What Being Asian-American Means to Me


I came to the U.S. from India when I was 9 and for my parents, the decision was largely driven by education.

My father looked at what it would take to put me and my three siblings through college in India, based on the salary of his government job. And he knew that if he stayed in India, he would come up short.

He thought, if I go to the U.S., there will be better opportunities for my career, and for my children to get educated. Otherwise, he’d have been forced to make the painful choice of which of us went to college and which didn’t.

My father had a degree in horticulture and at the time, there weren’t a lot of people in America with his expertise. So he always worked. But that doesn’t mean anything came easily for him or my mom. Or their four children for that matter.

To say that the move from New Delhi, India, to Queens, N.Y., was a culture shock would be a huge understatement.

I didn’t speak the language. I looked different than most of the people in my class – in my entire graduating class, I could count the number of brown people on one hand. There weren’t any Asian-Americans that looked like me.

If you wanted anything Indian, there were two shops on Main Street in Flushing, Queens, that were your only go-tos back then. Now there are dozens!

So as a child of the 1980s, my goal was just to quickly fit in, to adopt the American holidays and assimilate. Basically, I didn’t want to stand out.

It may sound odd but when I was growing up my parents never really celebrated Indian holidays with us.

My father and mother worked all time, six or seven days a week; my mother had never worked like that until she came to America. And my siblings and I all started working the moment we were old enough to do so because we understood that everybody had to chip in. College is expensive.

There were no family vacations or traveling to fancy destinations; everybody worked. My father was 15 and my mother was 12 when they were married, and my mother didn’t have much education. They never really had a childhood themselves.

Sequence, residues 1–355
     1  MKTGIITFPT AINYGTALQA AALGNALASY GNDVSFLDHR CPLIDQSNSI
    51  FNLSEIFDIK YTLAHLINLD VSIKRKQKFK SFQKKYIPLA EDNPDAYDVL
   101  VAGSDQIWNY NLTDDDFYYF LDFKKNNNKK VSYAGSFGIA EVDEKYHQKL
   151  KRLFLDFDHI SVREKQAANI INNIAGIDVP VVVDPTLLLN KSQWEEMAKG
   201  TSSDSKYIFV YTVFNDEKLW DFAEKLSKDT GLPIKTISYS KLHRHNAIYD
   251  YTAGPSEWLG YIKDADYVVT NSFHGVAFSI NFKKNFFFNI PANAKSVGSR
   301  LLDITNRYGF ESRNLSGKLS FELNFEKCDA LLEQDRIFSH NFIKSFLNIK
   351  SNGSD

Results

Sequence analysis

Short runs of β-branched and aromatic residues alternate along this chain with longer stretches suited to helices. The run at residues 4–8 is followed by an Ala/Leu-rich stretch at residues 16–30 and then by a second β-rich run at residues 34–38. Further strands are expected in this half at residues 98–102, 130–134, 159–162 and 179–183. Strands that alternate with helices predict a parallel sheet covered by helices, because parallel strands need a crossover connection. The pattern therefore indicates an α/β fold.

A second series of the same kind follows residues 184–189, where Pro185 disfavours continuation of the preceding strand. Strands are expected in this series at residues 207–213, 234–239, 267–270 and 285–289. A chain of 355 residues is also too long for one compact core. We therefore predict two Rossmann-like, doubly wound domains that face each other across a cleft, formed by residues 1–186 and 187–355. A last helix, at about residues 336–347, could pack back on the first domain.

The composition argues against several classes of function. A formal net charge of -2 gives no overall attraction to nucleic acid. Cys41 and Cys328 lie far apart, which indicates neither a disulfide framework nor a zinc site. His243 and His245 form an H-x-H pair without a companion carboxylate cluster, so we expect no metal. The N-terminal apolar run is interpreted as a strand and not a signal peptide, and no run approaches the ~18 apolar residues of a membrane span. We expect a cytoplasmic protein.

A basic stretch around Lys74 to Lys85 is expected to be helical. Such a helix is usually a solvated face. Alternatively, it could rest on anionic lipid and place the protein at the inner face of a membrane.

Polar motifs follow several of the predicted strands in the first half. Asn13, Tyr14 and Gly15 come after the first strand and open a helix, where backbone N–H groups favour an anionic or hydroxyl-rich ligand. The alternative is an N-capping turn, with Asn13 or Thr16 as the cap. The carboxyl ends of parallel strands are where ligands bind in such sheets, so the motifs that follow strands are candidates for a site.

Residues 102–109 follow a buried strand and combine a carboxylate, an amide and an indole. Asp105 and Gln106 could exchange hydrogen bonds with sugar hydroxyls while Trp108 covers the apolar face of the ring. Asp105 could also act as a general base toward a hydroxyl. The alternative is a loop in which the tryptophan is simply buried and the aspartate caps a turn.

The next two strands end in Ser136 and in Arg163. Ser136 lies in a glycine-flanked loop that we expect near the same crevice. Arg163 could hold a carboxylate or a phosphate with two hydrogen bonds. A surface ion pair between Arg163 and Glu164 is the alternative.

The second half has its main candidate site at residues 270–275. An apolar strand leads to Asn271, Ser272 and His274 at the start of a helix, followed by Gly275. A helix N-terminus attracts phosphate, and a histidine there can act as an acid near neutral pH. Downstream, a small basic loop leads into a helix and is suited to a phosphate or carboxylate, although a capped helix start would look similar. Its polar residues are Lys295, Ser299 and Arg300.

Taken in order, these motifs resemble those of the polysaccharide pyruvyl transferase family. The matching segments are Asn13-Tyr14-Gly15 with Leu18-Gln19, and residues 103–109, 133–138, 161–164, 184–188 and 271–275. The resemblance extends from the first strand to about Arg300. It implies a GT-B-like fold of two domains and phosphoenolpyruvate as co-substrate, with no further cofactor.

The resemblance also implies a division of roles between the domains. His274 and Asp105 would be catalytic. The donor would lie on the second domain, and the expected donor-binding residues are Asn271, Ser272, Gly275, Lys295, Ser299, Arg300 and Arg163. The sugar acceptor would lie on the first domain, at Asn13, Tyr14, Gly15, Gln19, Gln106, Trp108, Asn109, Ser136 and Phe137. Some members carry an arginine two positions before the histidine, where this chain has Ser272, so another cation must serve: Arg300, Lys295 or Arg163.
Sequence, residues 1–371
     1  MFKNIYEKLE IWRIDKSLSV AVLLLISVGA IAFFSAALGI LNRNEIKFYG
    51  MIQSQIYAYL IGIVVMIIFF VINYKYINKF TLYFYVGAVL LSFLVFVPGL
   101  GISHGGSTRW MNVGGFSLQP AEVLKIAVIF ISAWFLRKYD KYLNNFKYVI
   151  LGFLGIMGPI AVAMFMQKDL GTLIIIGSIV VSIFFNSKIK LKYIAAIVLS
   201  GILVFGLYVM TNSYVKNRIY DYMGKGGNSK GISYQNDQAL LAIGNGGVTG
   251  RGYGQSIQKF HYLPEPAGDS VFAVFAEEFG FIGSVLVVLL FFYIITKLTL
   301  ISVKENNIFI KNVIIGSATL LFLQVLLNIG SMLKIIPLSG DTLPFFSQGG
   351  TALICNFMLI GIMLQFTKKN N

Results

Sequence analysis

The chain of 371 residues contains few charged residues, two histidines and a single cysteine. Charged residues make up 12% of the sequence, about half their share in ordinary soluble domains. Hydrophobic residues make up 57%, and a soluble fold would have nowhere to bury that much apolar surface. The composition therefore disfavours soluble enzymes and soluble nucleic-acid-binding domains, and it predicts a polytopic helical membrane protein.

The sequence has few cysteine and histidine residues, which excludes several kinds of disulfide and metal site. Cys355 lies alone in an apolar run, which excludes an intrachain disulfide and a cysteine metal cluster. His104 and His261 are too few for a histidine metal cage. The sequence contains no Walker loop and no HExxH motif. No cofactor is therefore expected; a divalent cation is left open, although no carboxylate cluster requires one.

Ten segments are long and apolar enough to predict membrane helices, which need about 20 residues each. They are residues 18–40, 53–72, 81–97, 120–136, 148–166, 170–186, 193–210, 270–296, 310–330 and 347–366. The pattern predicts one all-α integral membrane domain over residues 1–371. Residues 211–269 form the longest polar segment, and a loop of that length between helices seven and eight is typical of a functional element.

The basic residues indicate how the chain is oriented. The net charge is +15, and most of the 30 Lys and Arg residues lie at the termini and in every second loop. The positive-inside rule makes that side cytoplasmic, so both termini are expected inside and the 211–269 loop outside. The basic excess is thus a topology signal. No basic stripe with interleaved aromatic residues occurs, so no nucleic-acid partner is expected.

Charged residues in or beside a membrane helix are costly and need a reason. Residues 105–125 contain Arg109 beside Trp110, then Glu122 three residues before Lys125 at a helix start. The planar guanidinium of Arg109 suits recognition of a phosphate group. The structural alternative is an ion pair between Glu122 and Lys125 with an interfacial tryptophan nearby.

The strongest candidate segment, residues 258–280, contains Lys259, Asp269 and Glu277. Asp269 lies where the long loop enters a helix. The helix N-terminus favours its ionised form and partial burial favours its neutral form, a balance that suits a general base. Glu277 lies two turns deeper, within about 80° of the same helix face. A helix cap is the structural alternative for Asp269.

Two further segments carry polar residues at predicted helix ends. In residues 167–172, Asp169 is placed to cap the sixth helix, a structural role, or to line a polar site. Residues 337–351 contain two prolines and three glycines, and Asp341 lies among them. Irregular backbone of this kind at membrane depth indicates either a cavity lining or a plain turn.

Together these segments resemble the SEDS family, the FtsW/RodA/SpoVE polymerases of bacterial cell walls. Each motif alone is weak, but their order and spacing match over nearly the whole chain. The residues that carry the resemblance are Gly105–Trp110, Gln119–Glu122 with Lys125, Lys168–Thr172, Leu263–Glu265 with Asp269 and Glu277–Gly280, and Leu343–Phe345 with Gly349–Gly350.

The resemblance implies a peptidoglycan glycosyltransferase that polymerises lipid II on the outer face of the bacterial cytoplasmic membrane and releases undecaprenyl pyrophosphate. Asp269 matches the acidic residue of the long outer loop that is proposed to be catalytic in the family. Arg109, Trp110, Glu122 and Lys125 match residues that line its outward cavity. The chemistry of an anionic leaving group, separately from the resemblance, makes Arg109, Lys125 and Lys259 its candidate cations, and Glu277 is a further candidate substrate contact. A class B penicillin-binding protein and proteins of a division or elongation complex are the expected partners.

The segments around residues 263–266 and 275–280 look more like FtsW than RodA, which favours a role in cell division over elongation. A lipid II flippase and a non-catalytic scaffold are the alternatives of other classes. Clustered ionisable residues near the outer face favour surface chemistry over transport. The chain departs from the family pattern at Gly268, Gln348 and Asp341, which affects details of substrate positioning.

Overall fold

So for them, the goal from day one was our education. No matter how hard they had to work to make it a reality, they would see all four of their children through college.

And college is where my culture opened up to me. I didn’t start to own my heritage until I was an undergrad at Baruch College, studying for my bachelor’s in business administration. In every class, I met people from all over the world, all ages, all of this cultural diversity. I remember reading that there were more than 150 different nationalities represented by the student body there. It was a real wake-up moment.

I wound up taking an Indian history course as an undergrad because I wanted to educate myself about the culture I’d been disconnected from since my early years. And it was around then that I traveled back to India for the first time, reconnecting with my extended family.  Soon after returning from that that trip, I met my wife who had emigrated from India much later in life and helped me learn so much more about my heritage.

The last year has been another type of wake-up call for me, as anti-Asian sentiments entered the national stage. It’s not as though this kind of discrimination is a new thing. I faced it growing up. And there are times — like explaining to my 10-year-old son why a group of teenagers called him a derogatory name because of the color of his skin — that make you think, ‘Maybe things haven’t changed that much.’”

But in other ways, things have changed a lot. Today, I love introducing my children to our culture. We recently celebrated Holi, an ancient Hindu springtime festival characterized by people throwing colored chalk on each other, and they loved it and wanted to know all about it.

Now, when an Indian holiday comes, we’ll take the day off, make sure we dress up and exchange gifts. It gets them curious, and that’s how you discover your heritage.

And now that my parents are retired, they love nothing more than spending time with their grandkids, especially during all of those holidays that they never had a chance to celebrate once upon a time.

Rahul Chand is vice president of membership marketing at AAA Northeast. 


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